A student at home preparing for her online classes.
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October 8, 2021
Over 90 per cent teacher turnout despite union action– King

Teacher turnout for online teaching in St Vincent and the Grenadines was above 90 per cent at most schools on Wednesday, October 6, despite the decision taken by the St Vincent and the Grenadines Teachers Union (SVGTU),to withdraw their service on that day.

Curtis King, Minister of Education

This is according to Minister of Education Curtis King, who gave an overview of the figures yesterday during the Morning Scoop programme on Star Radio.

The SVGTU issued a release this week, stating that teachers would stay away from online schooling for three days; Wednesday, October 6, and two days next week; Monday October 11 and Friday, October 15.

This decision was made at a virtual meeting held on Monday where the president Oswald Robinson said 183 members of the Union were in attendance. The action is in protest at the government’s vaccine policy.

“Up to yesterday evening when I communicated with the officials, we had 38 primary schools who had responded and whom we had contacted directly, plus using our own means…the information that we have gathered is that of 599 teachers who should’ve been engaged in these 38 primary schools, 531 were actually engaged, which means that there were 68 reported absences,” King said on radio.

Of those 68 absences, 10 were said to be on approved leave, whether sick leave; study leave; compassionate leave; maternity leave and general leave.

The education minister said that a few teachers among the remaining 58 indicated that they had appointments with their doctor but “I have not separated those because I don’t know if persons were hiding behind such excuse”.

“So that you’re talking roughly about 96.8 per cent participation among teachers, of these 38 schools,” he said.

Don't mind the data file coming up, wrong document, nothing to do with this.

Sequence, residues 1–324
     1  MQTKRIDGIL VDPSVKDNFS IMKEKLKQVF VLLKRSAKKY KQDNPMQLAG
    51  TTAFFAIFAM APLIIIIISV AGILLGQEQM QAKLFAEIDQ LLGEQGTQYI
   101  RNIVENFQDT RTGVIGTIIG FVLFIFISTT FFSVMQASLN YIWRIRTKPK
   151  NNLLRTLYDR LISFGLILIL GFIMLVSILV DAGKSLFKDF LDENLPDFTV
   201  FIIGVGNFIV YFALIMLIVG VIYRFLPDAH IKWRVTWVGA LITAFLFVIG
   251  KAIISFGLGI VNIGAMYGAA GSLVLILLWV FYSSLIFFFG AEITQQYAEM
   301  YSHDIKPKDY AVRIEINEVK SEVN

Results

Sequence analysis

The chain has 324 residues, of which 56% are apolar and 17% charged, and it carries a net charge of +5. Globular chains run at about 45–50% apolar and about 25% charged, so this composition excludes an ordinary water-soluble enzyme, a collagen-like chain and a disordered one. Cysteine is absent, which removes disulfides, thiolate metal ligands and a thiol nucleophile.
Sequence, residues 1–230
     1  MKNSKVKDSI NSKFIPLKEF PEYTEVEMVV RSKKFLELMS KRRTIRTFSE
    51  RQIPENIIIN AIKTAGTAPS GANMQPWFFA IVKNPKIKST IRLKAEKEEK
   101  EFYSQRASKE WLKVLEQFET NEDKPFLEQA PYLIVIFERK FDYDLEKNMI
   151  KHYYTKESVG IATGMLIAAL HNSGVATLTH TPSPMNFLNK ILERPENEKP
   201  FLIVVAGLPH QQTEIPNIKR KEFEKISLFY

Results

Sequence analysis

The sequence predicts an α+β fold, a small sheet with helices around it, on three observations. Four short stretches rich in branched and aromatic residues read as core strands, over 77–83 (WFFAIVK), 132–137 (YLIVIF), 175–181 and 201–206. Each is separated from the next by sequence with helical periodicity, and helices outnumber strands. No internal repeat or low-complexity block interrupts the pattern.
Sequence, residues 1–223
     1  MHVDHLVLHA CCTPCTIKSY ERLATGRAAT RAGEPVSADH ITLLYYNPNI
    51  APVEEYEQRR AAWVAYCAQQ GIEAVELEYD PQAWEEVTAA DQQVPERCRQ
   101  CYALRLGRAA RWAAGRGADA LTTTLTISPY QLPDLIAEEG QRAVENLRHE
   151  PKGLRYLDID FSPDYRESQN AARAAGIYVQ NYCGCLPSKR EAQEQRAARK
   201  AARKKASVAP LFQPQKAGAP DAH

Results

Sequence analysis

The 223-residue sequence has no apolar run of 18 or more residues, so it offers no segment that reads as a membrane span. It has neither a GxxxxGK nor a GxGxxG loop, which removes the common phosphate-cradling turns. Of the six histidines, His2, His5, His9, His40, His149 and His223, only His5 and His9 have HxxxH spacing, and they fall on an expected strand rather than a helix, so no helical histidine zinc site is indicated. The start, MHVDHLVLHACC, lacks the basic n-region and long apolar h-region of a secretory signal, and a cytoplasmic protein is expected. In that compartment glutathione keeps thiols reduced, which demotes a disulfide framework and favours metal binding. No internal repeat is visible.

King also described the turnout at secondary schools to be “extremely good”, as his information shows that there were only two secondary schools that recorded low participation.

In those two instances, one school had a participation level of 60 per cent while the other had a participation level of 80 per cent.

“Every other school was 90 to 100 per cent. Several schools had 100 per cent participation and again, when you look at some of the reasons for absence, we could separate some as persons being absent for official reasons,” the minister said.

He continued: “what I found of interest, quite a number of schools indicated that where some teachers were absent, they actually sent work so again, you don’t know if those who did were hiding behind a general idea that ‘boy, we are staying home but we don’t want to make it official, at least let us make sure that our record is clean’”.

King commended teachers for being steadfast and thanked them for “using their wisdom” in these times when the goal is to try to make things better for students, given the challenges within the last two years.

The retired educator and once active member of the SVGTU said it appeared as though when school is set to reopen in difficult times, there is always an issue that requires leadership to take action.

And he opined that the leadership of the Union should take care that they are not giving the public an opportunity to bash teachers.

“You are the leadership. It doesn’t mean that everything one or two persons say on the floor, you then put to a vote and then you say you have a mandate because the majority of those present voted for whatever issue. Leadership requires that you consider all the issues, discuss them and as leaders, you have a position too. You have to provide guidance. You can’t hide behind this idea that, ‘well no, is not we, as the leaders, is the mandate’. It don’t work so,” King said.

The education minister also noted that given the nature of the membership of the SVGTU, where members are from primary and secondary schools and other institutions, it may be difficult to pull together a large number of members at any one time, in order to achieve a representative view.

While he agrees that the Union has an important role to play in the education sector, King said everyone has to accept that it will not always be able to agree with the government on every matter.

“They are not going to be in agreement all the time with the ministry of education and from time to time, you are going to have differences, but I am saying that these are times, not for posturing, these are times for us to look at the issues carefully and see how best we could arrive at a solution,” he said.